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ALASKA DAILY EMPIRE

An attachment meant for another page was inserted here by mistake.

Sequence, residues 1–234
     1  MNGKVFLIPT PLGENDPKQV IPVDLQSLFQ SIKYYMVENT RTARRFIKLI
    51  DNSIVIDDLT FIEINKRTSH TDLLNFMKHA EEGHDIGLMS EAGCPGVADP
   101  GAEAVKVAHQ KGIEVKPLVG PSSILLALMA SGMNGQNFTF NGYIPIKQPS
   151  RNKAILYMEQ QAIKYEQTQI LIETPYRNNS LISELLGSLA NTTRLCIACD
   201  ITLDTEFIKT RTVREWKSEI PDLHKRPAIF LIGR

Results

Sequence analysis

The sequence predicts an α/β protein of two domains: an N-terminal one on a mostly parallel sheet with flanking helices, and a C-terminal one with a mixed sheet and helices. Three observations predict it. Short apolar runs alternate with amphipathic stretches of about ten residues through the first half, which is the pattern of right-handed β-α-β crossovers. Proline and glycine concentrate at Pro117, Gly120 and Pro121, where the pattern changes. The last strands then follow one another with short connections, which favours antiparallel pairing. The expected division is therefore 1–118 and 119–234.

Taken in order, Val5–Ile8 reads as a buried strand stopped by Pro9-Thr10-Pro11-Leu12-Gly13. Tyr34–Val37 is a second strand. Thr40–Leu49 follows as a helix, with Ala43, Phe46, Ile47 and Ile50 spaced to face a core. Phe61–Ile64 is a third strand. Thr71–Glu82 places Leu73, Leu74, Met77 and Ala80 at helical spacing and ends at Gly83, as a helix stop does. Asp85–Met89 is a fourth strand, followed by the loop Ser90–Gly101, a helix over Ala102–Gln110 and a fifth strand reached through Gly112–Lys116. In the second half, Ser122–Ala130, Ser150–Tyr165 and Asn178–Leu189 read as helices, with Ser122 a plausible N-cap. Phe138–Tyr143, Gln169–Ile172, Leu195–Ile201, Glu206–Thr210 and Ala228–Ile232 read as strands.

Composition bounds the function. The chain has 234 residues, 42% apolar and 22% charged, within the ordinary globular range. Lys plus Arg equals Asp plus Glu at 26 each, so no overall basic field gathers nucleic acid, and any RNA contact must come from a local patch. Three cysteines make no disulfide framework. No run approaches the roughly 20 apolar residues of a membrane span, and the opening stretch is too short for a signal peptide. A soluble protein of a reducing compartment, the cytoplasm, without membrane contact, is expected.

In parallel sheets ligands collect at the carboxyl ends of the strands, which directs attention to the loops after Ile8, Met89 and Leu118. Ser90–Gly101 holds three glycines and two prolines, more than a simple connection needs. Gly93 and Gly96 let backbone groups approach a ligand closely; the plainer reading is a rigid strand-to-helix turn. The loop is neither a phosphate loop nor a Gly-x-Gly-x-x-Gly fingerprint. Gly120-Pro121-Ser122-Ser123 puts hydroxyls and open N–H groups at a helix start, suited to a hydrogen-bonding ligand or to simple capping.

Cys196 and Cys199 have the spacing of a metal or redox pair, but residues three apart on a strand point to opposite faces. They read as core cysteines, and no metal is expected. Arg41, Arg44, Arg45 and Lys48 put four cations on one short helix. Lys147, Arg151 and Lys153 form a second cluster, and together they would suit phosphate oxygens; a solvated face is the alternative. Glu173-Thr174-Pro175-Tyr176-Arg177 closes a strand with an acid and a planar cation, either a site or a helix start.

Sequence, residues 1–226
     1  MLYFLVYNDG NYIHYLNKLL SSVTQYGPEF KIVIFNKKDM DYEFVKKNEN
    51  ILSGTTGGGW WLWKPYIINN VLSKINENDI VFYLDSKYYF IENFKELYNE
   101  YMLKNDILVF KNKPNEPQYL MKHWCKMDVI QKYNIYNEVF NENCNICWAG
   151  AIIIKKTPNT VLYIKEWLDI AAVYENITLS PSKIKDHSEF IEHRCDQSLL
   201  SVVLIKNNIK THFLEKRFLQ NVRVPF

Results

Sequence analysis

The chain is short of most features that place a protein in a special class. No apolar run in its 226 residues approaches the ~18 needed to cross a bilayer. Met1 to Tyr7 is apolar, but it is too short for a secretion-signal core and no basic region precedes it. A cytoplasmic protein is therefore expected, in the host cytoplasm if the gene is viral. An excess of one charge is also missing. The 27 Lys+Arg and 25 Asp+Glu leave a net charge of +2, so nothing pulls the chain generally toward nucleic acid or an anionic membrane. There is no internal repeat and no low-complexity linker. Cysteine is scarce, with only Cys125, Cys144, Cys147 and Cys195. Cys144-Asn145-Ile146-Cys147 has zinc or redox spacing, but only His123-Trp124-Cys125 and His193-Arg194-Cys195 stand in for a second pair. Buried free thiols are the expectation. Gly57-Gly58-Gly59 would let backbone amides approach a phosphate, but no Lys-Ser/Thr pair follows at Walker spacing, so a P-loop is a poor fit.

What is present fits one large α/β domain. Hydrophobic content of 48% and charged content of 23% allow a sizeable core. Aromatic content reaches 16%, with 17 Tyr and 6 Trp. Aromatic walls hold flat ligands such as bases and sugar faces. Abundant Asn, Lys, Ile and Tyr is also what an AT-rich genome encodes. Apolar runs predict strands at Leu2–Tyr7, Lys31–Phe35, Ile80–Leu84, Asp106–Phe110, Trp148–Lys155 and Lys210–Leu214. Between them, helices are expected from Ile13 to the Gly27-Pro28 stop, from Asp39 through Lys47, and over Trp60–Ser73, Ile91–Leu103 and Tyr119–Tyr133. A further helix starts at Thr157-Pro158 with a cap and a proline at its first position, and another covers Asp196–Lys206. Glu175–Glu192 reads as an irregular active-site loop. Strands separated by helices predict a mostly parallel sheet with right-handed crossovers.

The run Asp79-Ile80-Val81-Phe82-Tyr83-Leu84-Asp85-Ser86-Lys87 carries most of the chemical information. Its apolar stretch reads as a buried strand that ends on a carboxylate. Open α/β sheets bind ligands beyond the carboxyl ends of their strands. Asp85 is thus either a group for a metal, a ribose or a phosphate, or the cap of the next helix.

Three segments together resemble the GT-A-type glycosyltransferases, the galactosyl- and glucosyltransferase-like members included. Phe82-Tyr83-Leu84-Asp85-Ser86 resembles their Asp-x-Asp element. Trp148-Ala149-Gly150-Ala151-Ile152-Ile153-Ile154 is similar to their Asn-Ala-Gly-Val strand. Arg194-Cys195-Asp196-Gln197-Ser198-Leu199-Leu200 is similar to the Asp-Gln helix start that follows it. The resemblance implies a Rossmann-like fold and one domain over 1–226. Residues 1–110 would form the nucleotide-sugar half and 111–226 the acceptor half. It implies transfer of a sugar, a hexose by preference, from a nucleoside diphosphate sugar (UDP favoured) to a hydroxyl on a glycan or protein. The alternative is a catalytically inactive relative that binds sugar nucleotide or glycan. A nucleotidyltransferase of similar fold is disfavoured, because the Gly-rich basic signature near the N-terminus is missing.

JOHN W. TROY - - - EDITOR AND MANAGER Published every evening except Sunday by the EMPIRE PRINTING COMPANY at Second and Main Streets, Juneau, Alaska. __ SUBSCRIPTION RATES Delivered by carrier In Juneau, Douglae, Treadwell and Thane for *1.25 per month. By mall, postage paid, at the following rates: One year in advance, $12.OH: six months, in advance, $6.nn; three months, in advance $2.one month. In advance, $1 25. Subscribers will confer a favor if they will promptly notify .he Business Office of any failure or irregularity in the de livery of their papers. Telephone for Editorial and Business Offices, 374. MEMBER OF ASSOCIATED PRESS The Associated Press is exclusively mtitled to the use for reptiblicatinn of all news dispitcjics credited to tt or md therwise credited in this paper and also the local news pub lished herein. _ CIRCULATION GUARANTEED TO BE MORE THAN DOUBLE THAT OF ANY OTHER ALASKA NEWSPAPER. REPUBLICAN OPPOSITION TO HIGHER TARIFFS. Secretary Mellon is opposed to tinkering with the tariff. He says if a high tariff wall were erected at thi3 time it would lie calamitous, lie contends that ■with European exchange at Its present low estate and European countries owing us billions, which they cannot pay except in goods, it would create stagna tion if we were to make a prohibitive tariff against imports. Senator Penrose agrees with this position. It would seem that there has been a complete reversal of the line-up on the tariff question since the Payne-Aldrich Tariff Act played such an important part in the results of the ltill) Congressional elections. Then it was the farming class which protested against higher rates that were forced through Con gress by the manufacturing East. Now the farmers of the West are the strongest adrocates of higher tariffs while the manufacturing interests protest that If we should get them it would destroy uor foreign market for the products of our factories. THE CAPITOL APPROPRIATION. Appropos of the Cole memorial regarding the Ju r.eau capitol building, it is fair to the Legislature and those, who have not lived in Juneau long that a statement of the situation he made thut the fact. might he known. Those who have lived in Juneau for any length of time and who have followed the situation know how the land lies, and have never lost sight of it for a minute. When Gov. Clark was chief executive of this Ter ritory, Senator Warren, then chairman of the Appro priations Committee, a very close friend of Gov. Clark, as a compliment to the latter as much as anything else, included in the public building appropriation bill an Item or $200,000 for a public building at Juneau. This was in 1910. At that time the Super vising Architect of the Treasury Department was two or three years behind with his work, for In those years, Congress was passing omlnbus public buildings bills each year creating a great deal of work. Before plans for the Juneau building were prepared, Congress passed the Alaska Organic Act, resulting in a Terri torial Legislature and various Territorial official requiring offices. The Commercial Club of Juneau since extinct but at that time an organization having most of the Juneau business men and many other: then In the city in its membership, prepared and cir culated a petition, which was generally signed, rep resenting to Congress that, on account of the change in conditions, the sort of building planned originally ■would be wholly inadequate, and asked for a largei appropriation. in 1913 the First Territorial Legis lature passed a memorial to Congress, approving the position of the Commercial Club of Juneau, and pray ing Congress to pass an additional appropriation of $500,000 for the "construction of a Territorial Capitol Building," provided that certified copies of the memorial should be soul to (lie President of tin Vnited States, the President of tlie Senate, the Spcakc; ol the Mouse of Representatives and the Secretary of the Treasury. Sometime later Secretarj of the Treas ury McAdoo wrote a letter to then Delegate Wicker eham calling his attention to this memorial of tile Territorial legislature, and asked him if lie intended to ask Congress for the additional appropriation, in dicating that the Treasury Department thought It should be made. Judge Wickersham introduced a bill, making the additional appropriation Me Anally succeeded in getting the approval of the Public Build ings and Grounds Committee of the Mouse of Repre sentatives to approve the provision and to include an item in the public building hill of 1‘tlti allowing $.100,ooo additional for this purpose. On account of the Administration preparedness program of that year, which included the so-called 1‘tlG Naval Program. Congress decided not to pass an omnibus public buildings bill or make any other appropria tions for public buildings. Congress lias not passed an omnibus public buildings bill since that time, but the Public Buildings and Grounds Committee lias kept pp its work, and the Juneau item lias been kept in it. Members of the committee have assured the Alaska Delegate to Congress many times since then that whenever such a hill was passed the Juneau item would be retained in it because it is regarded as an emergent proposition It is conceded that a general public buildings hill must be passed soon to meet many emergent cases like that at Juneau. In 1020, 'When it became evident that Congress would not pass a general public buildings appro prition bill tiiat year, then Delegate Grigsbv and Gov. Riggs asked the Supervising Architect ol the Treasury Department if it would not be possible for him to prepare plans tor a building for Juneau that could be erected in units, and to make a statement to that effect. It was purtKised when a report that such a plan would lie feasible could In procured from ♦ be Architect of the Treasury Department to intro duce and urge the passage of a resolution or bill making the $175,000, which remains of the original $200,000 appropriation, available for immediate use In the construction of a unit ot the Alaska Capitol Building. The last word received on this subject from Washington was that the Architect of the Treasury Department was preparing the plans, etc. However, the refusal of unanimous consent for the Cordova public buildings bill, which was in a similar con dition, blasted hope of success. By that time the end of the 66tli Congress was so near that it was regarded as'useless to proceed. It is a mistake to assume that the $175,000 of the original appropriation is available for immediate use, for it is not. The legislation making the appro priation is law, but it would require action by Con gress to make it, or any part, of it, immediately avail able. The appropriation is in the same condition as was the appropriation for the Alaska Railroad The expenditure was authorized, but each Congress bad to make available the money needed for the year's work by separate action. There has been no time when the people of Juneau, or the Juneau Commercial Association, the piesent Commercial organization of the city, have lost! sight, of the matter. They have kept in touch with i' all the time. All the business people of Juneau, including those who are leasing offices to the Govern- ! ment, are in favor of both, the additional appro priation and the plan to build a unit of a proposed building, programs. The situation is not one, how ever, demanding a campaign. The campaigning has been done. There is no reason to doubt that Dele gate Sutherland will be on the job to follow' it up. The duty of the hour for citizens of Juneau is to register so they might vote next Tuesday. The registration books close Saturday afternoon at 5 o’clock. They will be open also Tuesday, Thursday and Friday evenings from 7:3(1 to D o'clock. — One of the Biff Questions. (Cincinnati Enquirer.) One of the big questions which should receive early attention at the hands of the incoming Admin-1 istration is the question of American solidarity. Mere is the rich field in which the progressive statesmen of the two Americas and Canada have imediate oppor tunity to win imperishable fame. Dr. rtuero, former Minister of Uruguay to the United Stales, (he other day said to a group of North American correspondents: ''Permit me to suggest in the interest of Arneri-I can solidarity and universal good will among Ameri can republic that the United Slates not only be, but [ seem lo be, right in its dealings witli South and Cen-j trul American republicans. There are agitators! throughout South America willing to play upon the' minds of the people to influence them against North i America, and make them believe that the Northern; republic is actuated by a spirit of aggression. The j Americas, if they wish to retain the world influence! that it coming to them, must have an American sol-! idarity.” This is the vision unfolding in the minds of the coming great statesmen. Its proper interpretation means security and prosperity forever to the genera tions of the Western Hemisphere. Let American pro pagandists meet the agitators on their own ground, and let the American Government prove that facts and appearances of friendship and interest must [ coincide. The Latin-Amorican question vies in importance with European settlements. In this connection the Secretary of Slate calls attention to the fact that America’s competitors are profiling because of the delay in the ratification of the treaty with Colombia, which has cost us friends, confidence and conimer-1 cial opportunities in all countries where Spanish is: spoken.” in comparison witti the removal of the sus picion that the United States is “indifferent to jus-* Lee, wiling to be ruthless and aspiring to physical i dominion,” the payment of the sum asked by Colombia would tie "unconsiderable.” It is believed to be the plan of the' President's j advisers to take immediate action with reference to the Colombian treaty. No single act of this Govern-! ment could go so far lo establish confidence in the! nation and tlie new Administration on the part of! Soutli and Central American countries as a fair set-J Ileinenl of this grievance of the small republic. in the meantime, says the Secretary of State.! send good men to represent our commercial houses' and to deal with South Atnreir-. as we would wish! to be dealt by. A Plan Worth Sticking To. (The American Legion Weekly.) In .March, 1317, the President of the United States! issued an order that took post masterships out of politics, lie decreed that postmasters of tho higher grades, whose appointments rest with the President.' would he named after competitive nonpartisan civil service examinations. He served notice that the! office of postmaster no longer would go to the man' Inst qualified politically, regardless of his other merits. Under the system inaugurated, the Civil Serv i<< Commission reports to the President the names of tlie applicants having the highest standings in the examinations and the President ordinarily appoints the man at the head of the list. Figures show that of the first 1,560 appointments made by President Wilson after issuing the order, 1,454 went to persons whose names appeared in first place on the civil service lists. Recently it was sll°"’n that among 2,103 postmasters who had been appointed, under the Civil Service method, 1,012 were Democrats, 1*07 Republicans, 32 independent in pol itics, ten Prohibitionists, three Socialists and 12!* had no political affiliations. There is every argument for a continuance of the l.vil Service method of Presidential postoffice ap pointments. Aside from the fact that a return to the old practice of making post masterships political rewards would be a series loss in the campaign for efficient government, the question concerns Word War veterans directly. Under Civil Service rules, war veterans are entitled to preference on eligibility lists Public employment has always been recognized as a lilting reward for those who have fought to preserve i nation The present Civil Service rules do not give veterans a blanket priority over all other appli cants. They provide only that a veteran shall have t preference over other applicants possessing equal lualifleations. And they would afford ex-service men merely an opporunity to obtain appointments in open competition. This magazine believes that it reflects public! 'pinion when it urges President Harding to continue he present policy. Congressional authorities agree that Charles G Dawes of Chicago is the author of the Government Printer's "best seller." The suply of copies of his' e:timonv before the House War Investigating Com mittee has long been exhausted, yet demands still >our in by every mail.—(New York World.) It is a fair bet that Billy Sunday saves Cincinnati bi tore Overseer \ oliva brings about tile regeneration \ it New York —(Toledo Blade.) A Soviet appropriation may tie requested in order o enable Martens to come back and find out whether ■e was really deported or not.— (Washington Star.) We should think Mr Gutzon Borglum would not be bothered very much by having to buy presents for tiabics uarned after him—(Columbus Dispatch.) • I ' ■-• BITS OF BY-PLAY | — * By lake KcLuke . Copyright by Cincinnati En2uirAr i i___: Then It Happened! "I was just wondering?” -mused tiie Cheerful Idiot. “Wondering what?” demanded the Wise Guy. "Why. if you wanted a site for a blind asylum, would' you consult an architect or an oculist?" replied the Cheerful Idiot. The Limit “That fellow i3 a grouchy, pessi mistic cuss, isn't he?” said Smith. “He sure is,” agreed Jones. “Why, that bird would look for splinters in a club sandwich. Noticel The Secretary of the Names Is Names Club has paired Christian Girl, of Cleveland, Ohio, with Chris tian Kuth, of Lakeland, Ky. Firms Is Firms The T’igg Meat Market A. Pigg, Proprietor, Bowie, Texas. Fair Warning! George Pistol bas been elected Chief of Police of Cookeville, Tenn. And he'll carry one all the time now. Huhl The Hobo had asked the hard faeed woman for something to eat. “Yes." she replied. “I'll fix you some supper if you’ll stay and split some wood, sweep off the walk, fix that hole in the fence, tidy up the yard and burn that rubbish piled up at the cellar door.” “Lady," said the Hobo, as he started away, "I’m only a hobo, I ain’t your husband.” Is That So! (Warren, Ohio, Tribune) Luke McLuke dreamed the other night that the Eighteenth Amend ment had been repealed. But he woke up and had a grouch on all day. What’s the Fare to Garrett? The Moore-Casebeer Company is doing business in Garrett, Indiana. Help! We hate to keep any one out of the Club. But whaddy we gonna do with Ever Medlin, of Clio, S. G\? Ho, Hum! A Parkersburg, W. Va„ man, after examination by a specialist, heard the following: "If you want to live you must re frain from drinking, quit using to bacco, avoid dancing and other ex citement. stay away from the thea ter and go to bed before 10 o'clock every night." “Well,” replied the man. “if I do that what in L will I have to live for?” Isn't This Lovely Weather! We found this for Sale ad. in a Cincinnati newspaper last Sunday: Roadster; will not last long. Names Is Names forest Grove Stump lives in Akron, Ohio. Luke McLuke Say» ^ 1-. _ A man may not bo a. model citizen' himself but he bates to hear a worn-1 an swear and lie hates to see a1 woman spit. The troule with the sound sleeper in that he make too darn much sound. No woman ever got so sharp that she couldn't be flattered. Any girl who has had twenty-five birthday anniversaries has had all that she needs in her business. Some men would just as soon be done out of their money as to be dunned out of it. Agree with a man when he makes a fool statement and he'll go around bragging about your good judgement. After a wife baa u od her husband tor a door mat for i while he begins to look the part And it isn t Chivalry that prompts a female impersonator to take a woman s part. If wealth does not bring happiness we suppose that a get-rieh-quick artist is doing an act of' philanthropy in separating a fool and his money. When a man gel- $40 a week sal ary' and his household expenses are $50 a week, his wife is always wond ering what he do. s with all his money. A little thing like Her father strik ing Oil can transform a Red-Headed Chronio into a Titian-Haired Beauty. The blush that you see on a maid en’s face these days isn’t always the Pink of Propriety . When a man ha a toothache it is useless to try to tell him that any one else ever had .1 toothache. He won t believe it One nice thing about having a little money put away is that Pay Day ceases being 1 event and be comes an incident, Hope springs eternal. That is why a faded thirty-year >lii maiden likes to giggle and talk about “we girls" when there are men around. The ordinary man pays his Income Tax about as cheerfully and willing ly as a bald headed man takes off his hat in an elevator. DEPARTMENT OF THE INTERIOR United States Land Office Serial 04752 Juneau, Alaska, FeDruary 23, 1021 NOTICE Is hereby given that pursuant to the Act of Congress ap proved May 10, 1872, and the Acts amendatory thereto, George H. Whit ney of Juneau, Alaska, has filed ^application Serial 04752 in the U. S. Land Office at Juneau, Alaska, for patent for seven hundred fifty eight (758) linear feet on the ‘Christmas” lode claim and eight hundred forty (840) linear feet on the “Enterprise” lode claim, with surface ground 300 feet on eitherj side of said lode line, the said lode claims being embraced in the U. S Mineral Survey No. 14 28 situated on the south shore of LemiSurier Island, Sitka Mining District in Latitude 68° 16' 20" N, Longitude 136 ° 05' 40" W, at U. S. M. M. No. 1427, the said claims being more particularly described as fol lows: CHRISTMAS CLAIM Commencing at corner ino. 1, whence U. S. M. M. No. 1427 bears S 15” 41' 10" E 64.99 feet, thence west 600 feet to Corner No. 2, thence north 9° 30' west 758 feet to Corner No. 3, thence east 600 feet to Corner No. 4, thence south 9° 30' east 75? feet to Corner No. 1, the place of beginning, con taining an area of 10.298 acres, magnetic variation 28“ 30' east. ENTERPRISE CLAIM Commencing at Corner No. I, whence U. S. M. M. No. 1427 bears S 9° 59' 20" E 822.64 feet, thence west 600 feet to corner No. 2, thence north 14° 00' east 840 feet to Corner No. 3, thence east 600 feet to Corner No. 4, thence south 14” 00' west 840 feet to Corner No. 1, the place of be ginning, containing an area of II. 227 acres, magnetic varia tion 28” 30' cast. The claims are bounded on all sides by vacant and unoccupied ground excepting on tlie east by the 'Tcy Strait Limestone Placer Claim.” Any and all persons claiming ad versely the above lode mining ground, or premises, or any portion thereof, are required to file their adverse claims with the Register of tiie United States Land Office at Juneau, Alaska, within the period of publication or eight months thereafter or be barred by the pro visions of the statute. FRANK A. BOYLE, Register. First publication, Feb. 25, 1921. Last publication, April 26, 1921. T japanese toyshop^ I H. B. MAKINO I Front Street I P. 0. Box 218 For Mail Orders i ■ ---.—--at ■ ft Clothing:. Men's Furnishings and Shoes reduced 15 to 35 per cent THF, PIONEER STORE | II. 11 El DORN 2nd near Main | »- --1 CAPITOL AUTO SERVICE 7 Passenger Hudson fix Car foi Hire. Trips anywhere Day or Night. \ It&nd at the Junean Shoe Shining Parlors. CHAI. M0S3Y Phone 186. Nights, 4S6 BEST OF EVERYTHING TO EAT Properly Cooked and Served ALASKA GRILL Juneau’s Pioneer Cafe Be Honest with Yourself Sit down and figure hew much rent you have paid, then pon der this fact.—you can buy a fine, new. modern house on a payment of $500.00 or more, balance payable like rent. In a few years the home is yours and your moving troubles, your rent troubles, and your various other tenant troubles are over. I have several very attractive buys which I will not be able to replace when sold. ALIEN SHATTUCK Real Estate and Insurance CIRCLE CITY HOTEL Hu a Real Home Atmocphere CLEAN, COMFORTABLE, And Within Tour Mean*. ALL OUTSIDE ROOMS, BATM AND SHOWERS. Eooma Mo., 75e., tod $1.SS. 8m For Youraeltl William Short, Prop. " CONCRETE ROOF TILE^ Conti ol the fire danger from chimney sparks or flying brands from burning buildings j by covering your roof with | CONCRETE ROOF TILE. Can I be laid over old shingles. En j Lances • value of the building. 1 alco manufacture concrete building blocks and bricks, chimney blocks, sills, lintels ! and steps. Drop in to see the ! various products. G. E. KRAUSE Brick and Stone Mason, Plasterer. Basement Postoffice Phone 4 39 Juneau Public Library and FREE READING ROOM City Hall, Second Floor. Main Street at 4th. Reading Room Open From * a. m. to 10 p. m Circulation Room Open From 12 m. to fc p. m. — 7:00 p m. to 8:30 p. m. Current Magazine*, Newspaper* Reference Rooks, Xto. FREE TO ALL PROFESSIONAL -1 Drs. Kaser & Freebnrger DENTISTS 1 and 3 Goldstein Bldg. PHONE 58 Hours 9 a. m. to 9 p. m. -1 -1 Dr. Charles P. Jenne DENTIST , Rooms 8 and 9 Valentine Bldg. Telephone 176. ==—; Dr. L. 0. Sloane Office Phone 18 House Phone 297 Dr. DeVighne Halony Building Hours 1 to 4, 7 to 9 Phones: Office, 104; Res. 101 Seward Bldg. Paone 469 Drs. White & Stewart X-Ray Dlagontlsclans and General Practitioners of Dentistry. Hours 9 to 6 and Ryenlns* 7 to 9. DR. H. VANCE OSTEOPATH 201 Goldstein Bldg. Phone 259 Office hours—9 to 12; 1 to 5; 7 to 9. Dr. Daniel S. Neuman Practice limited to diseases of th< EYE, EAR, NOSE AND THROAT Office hours 1 to 4 and 7:30 to 9 p m. 432 Goldstelr Bldg. Phone 197 Visit the Famous Sitka Hot Springs Dr. F. I. Goddard’s Sanitarian Rates $2.60 Per Day aad ui Every Comfort I. J SHARICK Jewelir and Optician Watohe*, Diamond* Jewelry Silverware Save and Have Accounts of one dollar and more opened in our Savings Department THE B. M. BEHRENDS BANK Juneau The Oldest and Largest Bank in Alaska « We do nut sell spring bonnets BUT HIGH CLASS PLUMBING AND HEATING FIXTURES ARE RIGHT IN OUR LINE See Our Spring Display SANITARY PLUMBING COMPANY American Legion TONIGHT -0" Fast Bouts -6 DE ARMOND vs. COLLIER CARLOS vs. GRAHAM And four rattling good preliminaries. Reservations may be made at Dave Housel’s—the Brunswick.